As an alternative, a simple webcam video with you chatting one-on-one with readers can be just as effective as a full on book trailer, if not more so. Mainly because this is what teens do themselves.
Look up “haul videos” on YouTube sometime to see what I mean. There are thousands of teens just sitting in front of their webcams, chatting about what they bought at the mall. They talk right into the camera and there’s little, if any editing.
Since most newer laptops come with cameras already installed, this could be an easy, completely free way to promote yourself and your book. In these videos, you can talk about what’s going on with the books. Give readers top secret advanced information or just chat about the plot of the next installment or even your life or writing process in general.
The key is to be natural and lighthearted and make the videos fun. (And not too long–three-to-five minutes is perfect.)
Other things that teens love? Widgets which can provide countdowns to your book release. You can also create (or have your webmaster create) Twitter Icons, Blog Avatars and wallpaper downloads–all with your book covers. In addition to allowing teens to become a part of your book’s world and remember your series between releases, you’re also getting free advertising to all their friends when they stick your book cover on their Facebook page.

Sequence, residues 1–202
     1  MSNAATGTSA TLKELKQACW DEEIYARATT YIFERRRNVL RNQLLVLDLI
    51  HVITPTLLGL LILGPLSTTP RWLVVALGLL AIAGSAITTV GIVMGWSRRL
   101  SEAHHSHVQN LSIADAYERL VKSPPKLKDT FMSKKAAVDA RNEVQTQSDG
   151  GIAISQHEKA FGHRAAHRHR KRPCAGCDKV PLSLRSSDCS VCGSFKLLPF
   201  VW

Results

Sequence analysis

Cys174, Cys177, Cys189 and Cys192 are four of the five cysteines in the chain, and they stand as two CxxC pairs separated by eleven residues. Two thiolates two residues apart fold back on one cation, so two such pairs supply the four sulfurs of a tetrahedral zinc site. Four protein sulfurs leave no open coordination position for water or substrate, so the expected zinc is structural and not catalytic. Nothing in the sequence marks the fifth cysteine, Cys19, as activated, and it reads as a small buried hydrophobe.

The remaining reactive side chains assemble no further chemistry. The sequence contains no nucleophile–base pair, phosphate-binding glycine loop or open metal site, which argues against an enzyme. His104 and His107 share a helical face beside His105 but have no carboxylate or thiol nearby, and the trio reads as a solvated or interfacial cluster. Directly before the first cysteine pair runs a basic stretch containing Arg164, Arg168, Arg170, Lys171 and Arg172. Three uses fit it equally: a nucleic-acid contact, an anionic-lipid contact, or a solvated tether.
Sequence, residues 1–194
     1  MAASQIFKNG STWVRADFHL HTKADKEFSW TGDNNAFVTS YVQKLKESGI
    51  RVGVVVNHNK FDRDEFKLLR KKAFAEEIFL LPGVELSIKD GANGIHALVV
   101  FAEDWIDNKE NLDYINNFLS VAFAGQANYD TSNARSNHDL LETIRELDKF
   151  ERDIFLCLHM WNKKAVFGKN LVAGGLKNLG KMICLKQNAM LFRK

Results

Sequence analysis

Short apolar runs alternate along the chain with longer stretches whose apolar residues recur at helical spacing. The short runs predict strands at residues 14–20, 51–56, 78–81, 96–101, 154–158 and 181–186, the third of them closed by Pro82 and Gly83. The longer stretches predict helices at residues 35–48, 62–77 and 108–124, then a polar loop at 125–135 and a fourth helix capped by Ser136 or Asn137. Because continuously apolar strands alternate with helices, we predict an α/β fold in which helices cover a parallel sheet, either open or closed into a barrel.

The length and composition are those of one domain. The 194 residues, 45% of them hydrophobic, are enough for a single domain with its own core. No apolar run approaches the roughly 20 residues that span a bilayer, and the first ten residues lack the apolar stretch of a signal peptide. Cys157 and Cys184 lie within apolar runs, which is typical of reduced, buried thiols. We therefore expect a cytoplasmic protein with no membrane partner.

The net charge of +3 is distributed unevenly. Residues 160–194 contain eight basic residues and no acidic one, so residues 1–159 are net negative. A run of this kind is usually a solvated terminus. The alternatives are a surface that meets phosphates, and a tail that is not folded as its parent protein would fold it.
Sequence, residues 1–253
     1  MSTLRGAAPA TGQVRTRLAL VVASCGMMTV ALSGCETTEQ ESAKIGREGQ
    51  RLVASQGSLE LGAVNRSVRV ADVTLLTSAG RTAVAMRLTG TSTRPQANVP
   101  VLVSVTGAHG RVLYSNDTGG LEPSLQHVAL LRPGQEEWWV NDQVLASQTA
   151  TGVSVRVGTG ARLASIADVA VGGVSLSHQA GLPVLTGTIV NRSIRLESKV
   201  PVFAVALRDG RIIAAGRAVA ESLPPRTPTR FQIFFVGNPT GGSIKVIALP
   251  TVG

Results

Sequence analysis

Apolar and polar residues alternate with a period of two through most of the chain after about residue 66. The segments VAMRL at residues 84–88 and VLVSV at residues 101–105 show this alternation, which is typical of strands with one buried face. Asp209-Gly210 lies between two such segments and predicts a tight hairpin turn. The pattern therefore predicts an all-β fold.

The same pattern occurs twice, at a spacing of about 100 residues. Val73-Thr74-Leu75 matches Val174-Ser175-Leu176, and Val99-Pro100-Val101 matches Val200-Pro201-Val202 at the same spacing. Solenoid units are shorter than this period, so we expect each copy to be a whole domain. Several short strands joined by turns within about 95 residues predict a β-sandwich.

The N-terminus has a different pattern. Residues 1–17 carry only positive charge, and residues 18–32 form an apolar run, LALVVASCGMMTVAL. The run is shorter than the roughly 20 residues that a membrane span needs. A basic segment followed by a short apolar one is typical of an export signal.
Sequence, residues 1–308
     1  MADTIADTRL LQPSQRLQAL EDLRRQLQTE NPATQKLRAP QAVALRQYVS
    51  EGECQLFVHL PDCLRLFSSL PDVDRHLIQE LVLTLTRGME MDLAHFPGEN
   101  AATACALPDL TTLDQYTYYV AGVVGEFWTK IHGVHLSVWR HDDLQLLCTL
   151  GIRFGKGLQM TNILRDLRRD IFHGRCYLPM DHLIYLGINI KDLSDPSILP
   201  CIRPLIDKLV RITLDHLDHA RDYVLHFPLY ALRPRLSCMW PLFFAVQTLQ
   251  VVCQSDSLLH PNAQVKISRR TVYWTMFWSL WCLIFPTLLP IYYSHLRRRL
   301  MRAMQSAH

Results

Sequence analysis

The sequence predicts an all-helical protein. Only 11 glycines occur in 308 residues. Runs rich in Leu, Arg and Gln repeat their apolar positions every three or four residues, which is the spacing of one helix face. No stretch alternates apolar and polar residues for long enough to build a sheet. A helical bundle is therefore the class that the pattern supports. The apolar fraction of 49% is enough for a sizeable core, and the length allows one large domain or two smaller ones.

One thing I did–which has been time consuming, but instrumental in pushing my series–was creating a fan club. The kits I send contain a welcome letter from the vampire master, Magnus, a plastic “Vampire in Training” card to stick in their wallets (like a credit card–so much cooler than paper and you can get them made overseas pretty cheap – like $200 for 2,000 cards). They also get a magnet (I have those designed for free at VistaPrint and just pay shipping) and an autograph sticker they can place in their book. And lastly, I include six bookmarks. One to keep and five to give out to potential vampires in training that they deem worthy of the coven. There’s also a forum where they can role play with the other vampires in training or just chat about the books.
Overwhelmed yet? Well, don’t be. You don’t have to do everything yourself. The thing is, readers don’t just want to hang out in your world, they want to contribute to it. Encourage them to create fan videos and put them up on YouTube. Or draw pictures and post them to DeviantArt. Since a lot of kids will do this on their own and not tell you, you should regularly search these sites for content based on your books. If you find some, write to the user and ask them if you can post it on your blog. You can guarantee they’ll say “yes” and send all their friends to your website to check out their stuff.